Units continue to challenge houses as the dwelling of choice

Units continue to challenge houses as the dwelling of choice
Units continue to challenge houses as the dwelling of choice

Five years ago, 30% of new dwellings constructed were units and townhouses. Since 2009, the market-share of attached dwellings has risen steadily, reaching 39% last year.

And the latest building approval figures suggest units now comprise 43% of new dwellings.

According to research from Bankwest, demand for medium-density housing has reached the highest level on record.

The Bankwest Housing Density Report revealed that 43% of new home approvals are medium-density dwellings. This is up from the 39% national average in the previous year.

Not surprisingly, capital cities account for 87% of medium-density approvals in the past 12 months. In five cities, units and townhouses comprised more than half of total dwelling approvals – including 68% in Sydney, Canberra and Darwin, as well as 55% in Melbourne and 53% in Brisbane.

Partly this is about affordability. In Sydney, the median unit price is $221,000 less than the median house price. In Melbourne the difference is $138,000, while in Darwin it’s $165,000.

But it’s more to do with lifestyle choices. Busy lives and the value people place on their leisure time points many buyers to a life-maintenance dwelling that doesn’t have gardens to weed and lawns to mow.

For those who want to be close to the inner city at a reasonable price, an apartment is the favoured option.

But buyers need to be careful. Several of our inner-city unit markets are over-supplied and it’s likely to get worse.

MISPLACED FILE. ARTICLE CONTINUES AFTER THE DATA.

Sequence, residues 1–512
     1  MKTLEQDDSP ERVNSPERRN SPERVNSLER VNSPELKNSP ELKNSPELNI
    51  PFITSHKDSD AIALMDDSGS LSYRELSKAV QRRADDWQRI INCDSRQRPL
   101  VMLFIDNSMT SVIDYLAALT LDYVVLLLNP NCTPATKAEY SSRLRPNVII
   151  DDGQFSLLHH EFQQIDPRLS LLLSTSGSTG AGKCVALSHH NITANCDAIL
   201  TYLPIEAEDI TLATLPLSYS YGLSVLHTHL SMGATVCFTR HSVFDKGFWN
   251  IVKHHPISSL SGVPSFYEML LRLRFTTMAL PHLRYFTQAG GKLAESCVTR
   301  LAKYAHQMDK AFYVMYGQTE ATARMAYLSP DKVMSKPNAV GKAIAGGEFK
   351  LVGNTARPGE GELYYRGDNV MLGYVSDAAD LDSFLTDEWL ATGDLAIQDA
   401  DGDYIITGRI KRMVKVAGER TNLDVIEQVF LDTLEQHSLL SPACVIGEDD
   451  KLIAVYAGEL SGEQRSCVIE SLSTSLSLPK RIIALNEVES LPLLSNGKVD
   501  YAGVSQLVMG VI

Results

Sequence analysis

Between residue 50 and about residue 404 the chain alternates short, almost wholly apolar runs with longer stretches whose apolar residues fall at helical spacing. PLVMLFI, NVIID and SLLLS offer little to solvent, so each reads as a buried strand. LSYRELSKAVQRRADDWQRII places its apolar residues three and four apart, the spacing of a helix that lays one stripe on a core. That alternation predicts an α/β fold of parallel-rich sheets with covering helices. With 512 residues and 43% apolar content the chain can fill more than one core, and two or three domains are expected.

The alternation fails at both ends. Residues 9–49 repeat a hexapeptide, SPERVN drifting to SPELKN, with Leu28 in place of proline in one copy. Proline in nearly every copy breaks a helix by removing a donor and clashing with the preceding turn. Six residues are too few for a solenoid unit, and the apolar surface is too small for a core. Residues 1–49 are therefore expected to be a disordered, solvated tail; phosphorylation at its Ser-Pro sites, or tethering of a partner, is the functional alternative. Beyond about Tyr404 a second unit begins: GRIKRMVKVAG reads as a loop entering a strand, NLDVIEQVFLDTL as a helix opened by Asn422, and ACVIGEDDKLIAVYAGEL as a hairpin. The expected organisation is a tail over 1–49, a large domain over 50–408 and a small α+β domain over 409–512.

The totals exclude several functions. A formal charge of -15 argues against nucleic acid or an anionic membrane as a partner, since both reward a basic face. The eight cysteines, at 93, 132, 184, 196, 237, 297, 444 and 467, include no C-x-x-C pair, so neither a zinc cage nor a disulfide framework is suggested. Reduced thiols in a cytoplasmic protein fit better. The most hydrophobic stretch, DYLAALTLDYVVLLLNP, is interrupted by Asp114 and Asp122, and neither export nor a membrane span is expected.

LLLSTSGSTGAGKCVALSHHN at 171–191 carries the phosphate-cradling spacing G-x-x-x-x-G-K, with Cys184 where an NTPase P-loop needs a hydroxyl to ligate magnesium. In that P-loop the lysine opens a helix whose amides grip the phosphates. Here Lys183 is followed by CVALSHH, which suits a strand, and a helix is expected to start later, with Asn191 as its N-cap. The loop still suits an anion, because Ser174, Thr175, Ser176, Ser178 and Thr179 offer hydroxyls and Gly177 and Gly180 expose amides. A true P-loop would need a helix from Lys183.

But buyers need to be careful. Several of our inner-city unit markets are over-supplied and it’s likely to get worse.

Melbourne already has huge vacancies (up to 10% in some near-city markets) and, according to PRDnationwide research, there are 88 large-scale unit projects under way or proposed.

Brisbane has high vacancies (6% in the CBD and approaching those levels in several inner-city suburbs) and has 69 large unit developments coming up. Perth has high vacancies as well, though the number of new projects in the pipeline is relatively small, with 13 new ones identified by PRDnationwide.

Sydney, to date, has not developed an over-supply and there are relatively few projects in the pipeline: 27 new ones under way or proposed.

It’s in Sydney that the trend towards medium-density living is most noticeable. Several of Sydney’s growth markets are apartment markets, including the inner-city areas Chippendale, Darlinghurst and Woolloomooloo - and the City of Canterbury, which includes suburbs such as Campsie, Lakemba and Roselands, where units are affordable.

Rising demand for apartments as a dwelling choice has also challenged the old paradigm that houses on land show better capital growth than units. Apartment markets are increasingly recording growth rates comparable to, and in some cases better than, houses.

But the surplus syndrome means buyers need to be choosy and do plenty of research into vacancy rates and building approval levels before committing.

Terry Ryder

Terry Ryder

Terry Ryder is the founder of hotspotting.com.au.

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